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Updated: Oct 18, 2023

The thought that the things around us might talk, think and express as we do is undoubtedly a thought many of us have been fascinated by in our day-to-day lives.

“Unnoticed” by R. S. Chintalapati is a narration by a bicycle about its journey from the beginning to the end. It primarily focuses on serving its master to the best of its ability while voicing its only wish.

Cover Photo by Ravindra Patoju

I was manufactured in Mumbai 2008 and my manufacturer made thousands more like me before naming all of us “Street Racer”. I wasn’t a popular model compared to my peers but I had my own merits like not being too heavy and travelling quicker than most others.

After being shipped to Visakhapatnam along with many others, I was decked with covers on my top before being put forth as a spectacle in the showroom. For weeks, I only had admirers. However, since I lacked the strength, many buyers would just walk away deciding I cannot carry their weight.

In time, the sales manager cited to the main dealer that the Street Racer model was not being bought by the public and I’ve lost hope that I will have brothers in the future.

In time, I even lost hope and finalized that I wouldn’t be purchased. I dreaded the thought of being dismantled like many unsuccessful models and being used as spare parts for other upcoming models. However, to my rescue, on 18th May 2009, my master chose me and his father purchased me.

My master looked weak and was as thin as a stick. Though he lacked strength, he claimed to be a Knight, a child’s dream after reading a couple of comic books, I suppose. So I was baptized by him as Knight’s Rider.

When I arrived home, I was offered prayers before being permitted for my master’s first ride. I was glad that my master didn’t weigh much. He was hardly fifty kilograms and that made my job quite easy.

For a while, everything was quite enjoyable. My master stayed close to the beach and the winds were lovely until they started eating my skin. My tires were substandard thanks to my manufacturer and my master even lacked the intellect to select his streets wisely. He would take me over shards accumulated from liquor bottles.

Once every two weeks, my tires needed servicing and patches have become a routine. During the first two years, my master didn’t vacillate on spending money for me, but his parents did eventually calculate the expenses. They asked, “Why did I need so much investment considering I haven’t even served a couple of years?”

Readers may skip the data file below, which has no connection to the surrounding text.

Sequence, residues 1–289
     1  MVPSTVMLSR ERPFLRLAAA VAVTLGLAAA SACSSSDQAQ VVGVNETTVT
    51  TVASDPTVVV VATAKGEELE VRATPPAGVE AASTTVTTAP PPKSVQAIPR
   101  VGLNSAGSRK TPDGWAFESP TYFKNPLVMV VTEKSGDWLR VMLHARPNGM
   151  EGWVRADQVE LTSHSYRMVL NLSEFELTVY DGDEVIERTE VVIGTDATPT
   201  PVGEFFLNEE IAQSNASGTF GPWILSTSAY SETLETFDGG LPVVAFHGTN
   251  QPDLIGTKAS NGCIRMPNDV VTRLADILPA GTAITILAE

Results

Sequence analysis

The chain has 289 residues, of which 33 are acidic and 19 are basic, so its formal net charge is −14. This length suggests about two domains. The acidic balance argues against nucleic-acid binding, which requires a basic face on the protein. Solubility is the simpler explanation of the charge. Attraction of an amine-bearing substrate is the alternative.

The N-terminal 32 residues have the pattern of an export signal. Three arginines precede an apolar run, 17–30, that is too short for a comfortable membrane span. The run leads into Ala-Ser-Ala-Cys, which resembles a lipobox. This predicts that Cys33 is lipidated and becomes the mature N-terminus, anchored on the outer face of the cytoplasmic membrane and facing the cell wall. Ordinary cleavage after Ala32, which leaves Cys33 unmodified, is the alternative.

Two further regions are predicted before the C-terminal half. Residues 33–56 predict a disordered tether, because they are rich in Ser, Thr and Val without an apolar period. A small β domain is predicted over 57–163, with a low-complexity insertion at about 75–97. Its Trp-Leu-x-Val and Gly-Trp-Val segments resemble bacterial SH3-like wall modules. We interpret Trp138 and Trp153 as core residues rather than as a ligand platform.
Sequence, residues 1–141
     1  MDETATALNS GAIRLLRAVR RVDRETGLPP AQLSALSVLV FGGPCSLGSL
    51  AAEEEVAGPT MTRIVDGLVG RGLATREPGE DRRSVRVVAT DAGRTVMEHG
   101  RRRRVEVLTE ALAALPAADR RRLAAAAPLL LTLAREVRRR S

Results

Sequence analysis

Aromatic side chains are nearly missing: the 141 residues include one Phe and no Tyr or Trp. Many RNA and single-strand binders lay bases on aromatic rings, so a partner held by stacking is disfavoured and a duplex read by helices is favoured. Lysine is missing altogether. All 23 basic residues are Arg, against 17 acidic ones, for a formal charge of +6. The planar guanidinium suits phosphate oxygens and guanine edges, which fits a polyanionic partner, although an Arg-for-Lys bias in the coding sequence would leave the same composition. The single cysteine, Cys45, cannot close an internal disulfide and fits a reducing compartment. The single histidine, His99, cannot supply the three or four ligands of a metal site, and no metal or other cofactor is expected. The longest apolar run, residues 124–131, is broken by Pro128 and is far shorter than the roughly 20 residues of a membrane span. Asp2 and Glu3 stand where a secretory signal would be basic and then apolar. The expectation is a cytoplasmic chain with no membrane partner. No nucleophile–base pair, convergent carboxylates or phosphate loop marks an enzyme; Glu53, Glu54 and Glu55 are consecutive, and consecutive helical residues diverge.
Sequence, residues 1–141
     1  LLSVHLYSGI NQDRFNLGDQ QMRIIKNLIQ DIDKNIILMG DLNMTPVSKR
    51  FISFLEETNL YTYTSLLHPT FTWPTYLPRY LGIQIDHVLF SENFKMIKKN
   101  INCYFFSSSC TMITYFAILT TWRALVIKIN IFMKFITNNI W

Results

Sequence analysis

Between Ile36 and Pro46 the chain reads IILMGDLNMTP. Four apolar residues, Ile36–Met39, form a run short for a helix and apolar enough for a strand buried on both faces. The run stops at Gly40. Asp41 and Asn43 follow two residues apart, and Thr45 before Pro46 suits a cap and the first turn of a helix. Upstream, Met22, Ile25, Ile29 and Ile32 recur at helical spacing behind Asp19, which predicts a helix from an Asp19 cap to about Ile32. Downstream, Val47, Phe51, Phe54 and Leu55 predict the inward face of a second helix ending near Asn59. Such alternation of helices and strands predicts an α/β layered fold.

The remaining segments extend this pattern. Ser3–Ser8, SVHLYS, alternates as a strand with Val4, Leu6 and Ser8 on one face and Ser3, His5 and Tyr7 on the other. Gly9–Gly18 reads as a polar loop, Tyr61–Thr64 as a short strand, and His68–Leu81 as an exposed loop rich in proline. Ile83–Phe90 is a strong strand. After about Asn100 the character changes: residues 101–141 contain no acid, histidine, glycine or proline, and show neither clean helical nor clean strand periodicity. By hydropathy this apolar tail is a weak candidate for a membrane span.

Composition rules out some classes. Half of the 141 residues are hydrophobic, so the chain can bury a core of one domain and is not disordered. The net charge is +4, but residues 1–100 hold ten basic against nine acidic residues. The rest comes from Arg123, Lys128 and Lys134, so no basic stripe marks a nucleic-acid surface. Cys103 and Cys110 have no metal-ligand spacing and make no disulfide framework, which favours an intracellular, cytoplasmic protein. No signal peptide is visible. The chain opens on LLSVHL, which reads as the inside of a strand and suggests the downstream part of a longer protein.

I felt terrible for being accused of the way I was. Fortunately, my master’s family shifted home into the interiors of the city. I thought I would be safe becoming free from the beach, but however, my life in this place was even more difficult.

My master started using me so intensely that I almost travelled twelve miles every day for about two years straight. There wasn’t a day, I didn’t wish for a long gap to rest and eventually, the Gods did bless me and my master joined intermediate after finishing his school before he flung me away in an open corner.

This long gap made me lose everything. My tubes got flat, rubber tires had holes while brake covers were worn out due to rainwater and my brake wires congested. My seat now had a big hole and I had crows shit upon me.

I spent two years deprived of attention and almost dead. I understood that I could be of no more use to my master and presumed he would soon sell me for any price he was offered.

My thoughts came true when two children approached my master asking him if I was for sale. Fortunately, my master realized my existence before stating that I was still employed.

The next day with an investment of six hundred rupees, I was given to a local mechanic for servicing but this cheater used the cheapest replacements possible to save as much as he could and I was returned in worse condition than my manufacturer’s intentions.

I had one more plenteous jackpot; my master now weighed seventy kilograms thanks to no physical work for a couple of years. I must admit, Gods protected me for a month and I offered my best to support him, but I couldn’t bear him any longer.

Though we never spoke, I think he heard me this time. Considering his investment worthless, he threw me up back to the corner and two weeks later, I was snatched by two children.

They sold me for four hundred rupees and my new buyer sold me to a metal worker for six hundred rupees. When I was being dismantled, I wished my master had told me once, that I assisted him well. At least I would have felt happy for my existence.

When the last of me remained intact, I said my last words, “I love you, master. I hope to serve you again. Your humble servant. Your Knight Rider.”



This contribution is edited by Sreekar Ayyagari & photographed by Ravindra Patoju.



This flash fiction is available as paperback & ebook.

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